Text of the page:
Perry meanders his way through it, dropped lines, pantomime falling off a table and any attempt at sincerity is over played, making it very unbelievable.
The supporting players do well - Stephanie the whore tries hard especially when Perry doesn't give her much.
The other two have their own journey - ultimately it's like watching the Jock and the Cheerleader battle out a teenage pregnancy (they are late 30's)
All in all, I liked the set and most lighting states throughout. Costuming for a $2500 per hour whore could step up, and someone please scuff up the white soles of the new shoes - see what you notice when you disengage.
Ultimately, I wound up longing for the end.
Wow, I'm not going to lie, I didn't go into this play with high expectations. I believed that Matthew Perry is incredibly talented but in the past he's been quite unlucky in the projects he's undertaken. I stand corrected! This is a well written and funny way piece that draws you in to appreciate its dark undertones. Credit to the rest of the cast also! No weak links there at all, excellent performances all round!
Very average play. Actors did as much as the could (incl Matthew) but the script was simply mediocre. Characters had a lot of opportunity to expand and get complex and diverse. Instead, their development is very flat and little. End of the play was overwrought and I was left with the feel that they just wanted to finish as soon as possible.
My conclusion is that Matthew Perry is way better actor than a scriptwriter. With a better scriptwriter the play would be at way higher level.
Very disappointing. If only I could go back in time and not attend this show, I would. It looked like Matthew Perry was bored of his character and the predicable storyline was a painful jaunt through 'been here before and wish I wasn't here again land'.The two stars I give represent 1 for the theatre and 1 for the couple of funny moments that lifted me out of the gloom. Would not recommend to anyone.
Very honest portrayal of very real characters dealing with real issues suffered by a lot of city dwellers - neurosis, alcoholism, what is deemed as 'success' and how others view you. As well as being funny, it was uplifting and emotional and I thoroughly enjoyed it.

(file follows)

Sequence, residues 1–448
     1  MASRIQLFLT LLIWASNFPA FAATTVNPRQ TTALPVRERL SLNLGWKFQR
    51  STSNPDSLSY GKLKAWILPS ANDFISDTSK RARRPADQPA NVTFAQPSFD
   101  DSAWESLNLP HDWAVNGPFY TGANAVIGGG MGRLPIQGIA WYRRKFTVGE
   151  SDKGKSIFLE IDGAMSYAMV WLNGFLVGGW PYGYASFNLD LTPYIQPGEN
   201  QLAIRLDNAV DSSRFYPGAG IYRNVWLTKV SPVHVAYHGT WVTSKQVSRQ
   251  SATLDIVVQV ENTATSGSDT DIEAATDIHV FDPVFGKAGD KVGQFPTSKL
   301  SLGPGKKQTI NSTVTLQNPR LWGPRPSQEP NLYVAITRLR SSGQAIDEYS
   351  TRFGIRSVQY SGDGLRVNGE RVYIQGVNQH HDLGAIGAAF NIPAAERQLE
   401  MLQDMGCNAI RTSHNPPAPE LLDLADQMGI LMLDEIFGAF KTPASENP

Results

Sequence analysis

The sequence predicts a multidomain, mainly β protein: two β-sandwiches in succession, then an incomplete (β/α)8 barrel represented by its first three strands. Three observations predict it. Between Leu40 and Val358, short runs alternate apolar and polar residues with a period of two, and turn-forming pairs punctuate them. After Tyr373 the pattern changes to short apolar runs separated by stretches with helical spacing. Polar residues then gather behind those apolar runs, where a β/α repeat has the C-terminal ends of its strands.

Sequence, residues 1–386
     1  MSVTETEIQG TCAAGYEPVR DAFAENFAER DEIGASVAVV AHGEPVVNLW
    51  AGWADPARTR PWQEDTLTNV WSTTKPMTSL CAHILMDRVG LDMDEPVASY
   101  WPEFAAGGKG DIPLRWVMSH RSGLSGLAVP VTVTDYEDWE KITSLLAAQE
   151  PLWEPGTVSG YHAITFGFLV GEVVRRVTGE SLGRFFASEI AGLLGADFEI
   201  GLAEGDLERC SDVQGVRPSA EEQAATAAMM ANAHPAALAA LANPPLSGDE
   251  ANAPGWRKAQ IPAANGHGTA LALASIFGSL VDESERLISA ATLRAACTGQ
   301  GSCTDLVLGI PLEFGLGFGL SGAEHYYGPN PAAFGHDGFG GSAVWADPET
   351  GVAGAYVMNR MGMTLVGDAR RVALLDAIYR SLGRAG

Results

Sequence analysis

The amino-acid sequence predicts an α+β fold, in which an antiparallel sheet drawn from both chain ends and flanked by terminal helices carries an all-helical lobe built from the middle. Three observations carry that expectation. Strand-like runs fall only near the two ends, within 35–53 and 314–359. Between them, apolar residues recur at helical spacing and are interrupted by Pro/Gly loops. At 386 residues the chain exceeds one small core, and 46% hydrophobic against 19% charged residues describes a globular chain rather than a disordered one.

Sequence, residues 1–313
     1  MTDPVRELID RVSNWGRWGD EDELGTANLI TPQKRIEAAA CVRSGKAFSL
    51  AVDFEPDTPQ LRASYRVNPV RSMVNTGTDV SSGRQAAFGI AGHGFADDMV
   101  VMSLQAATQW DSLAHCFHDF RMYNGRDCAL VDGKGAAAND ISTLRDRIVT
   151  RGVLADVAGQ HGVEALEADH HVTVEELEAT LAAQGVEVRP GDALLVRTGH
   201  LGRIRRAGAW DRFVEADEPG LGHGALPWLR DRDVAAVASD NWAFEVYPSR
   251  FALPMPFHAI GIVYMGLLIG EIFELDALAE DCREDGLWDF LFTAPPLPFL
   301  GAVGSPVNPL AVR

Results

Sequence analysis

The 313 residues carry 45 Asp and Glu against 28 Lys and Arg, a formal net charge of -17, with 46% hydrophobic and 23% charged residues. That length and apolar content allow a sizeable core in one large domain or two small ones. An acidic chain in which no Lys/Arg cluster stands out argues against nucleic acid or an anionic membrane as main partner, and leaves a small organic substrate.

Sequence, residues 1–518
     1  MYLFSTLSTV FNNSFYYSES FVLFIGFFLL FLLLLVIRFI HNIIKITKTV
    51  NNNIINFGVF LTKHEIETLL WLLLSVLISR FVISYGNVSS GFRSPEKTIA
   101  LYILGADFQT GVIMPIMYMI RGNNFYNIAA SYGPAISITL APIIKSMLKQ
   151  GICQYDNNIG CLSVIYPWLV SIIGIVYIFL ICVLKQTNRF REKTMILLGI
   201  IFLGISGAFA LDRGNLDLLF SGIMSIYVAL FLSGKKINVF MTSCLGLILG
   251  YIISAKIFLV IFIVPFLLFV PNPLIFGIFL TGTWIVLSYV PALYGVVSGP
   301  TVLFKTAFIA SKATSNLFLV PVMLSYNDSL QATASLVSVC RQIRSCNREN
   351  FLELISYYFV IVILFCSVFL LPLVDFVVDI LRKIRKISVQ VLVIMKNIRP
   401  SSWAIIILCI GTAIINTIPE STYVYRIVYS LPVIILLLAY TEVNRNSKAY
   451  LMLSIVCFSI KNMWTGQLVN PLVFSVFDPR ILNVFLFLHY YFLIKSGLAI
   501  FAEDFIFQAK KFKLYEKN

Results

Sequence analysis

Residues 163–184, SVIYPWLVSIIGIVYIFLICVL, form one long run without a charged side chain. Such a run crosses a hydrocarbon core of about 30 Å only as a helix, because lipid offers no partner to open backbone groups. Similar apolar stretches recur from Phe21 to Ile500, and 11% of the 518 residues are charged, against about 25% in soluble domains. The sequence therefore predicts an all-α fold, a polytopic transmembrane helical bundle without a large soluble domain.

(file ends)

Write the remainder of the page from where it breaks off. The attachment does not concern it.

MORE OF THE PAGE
Overall I enjoyed it. There were a few proper laugh out loud moments, but the second half seemed to drag on, and the ending was pretty predictable. Actually not unlike an old familiar episode of "Friends"...so I'm sure Matthew Perry fans will love it.
Saw it in the first week and although Perry took a while to warm to his character, the comedy was original and funny and the storyline with incredibly impacting and thought provoking.
All 4 actors were extremely talented and worked well together, with some great monologues and well-delivered comedic lines. A great night!
Amazing! I genuinely felt the actors' emotions in this play. For the first time in years I found a play that made me both laugh out loud and fight back tears. Not only was it incredibly moving, but it still has me thinking about the story days later. Truly touching, and Matthew Perry makes a phenomenal performance.
WHY I ENJOYED THE PLAY
I can appreciate when a person decides to share a part of themselves that is so deeply personal and private, I think that is why I enjoyed this play. It was honest. It didn't shy away from confronting the sometimes ugly side of our humanity. Time is the one thing we can never get back. And the play doesn't fussy foot about the issue. There is no glamour or classiness about making terrible choices in life. And as in real life, the lives of the characters are rough, disjointed, illogical, full of conflicting thoughts that we only say to ourselves when we are in private, and it is most definitely, far from perfection. It is constantly in your face that these people are lost, trying to be found.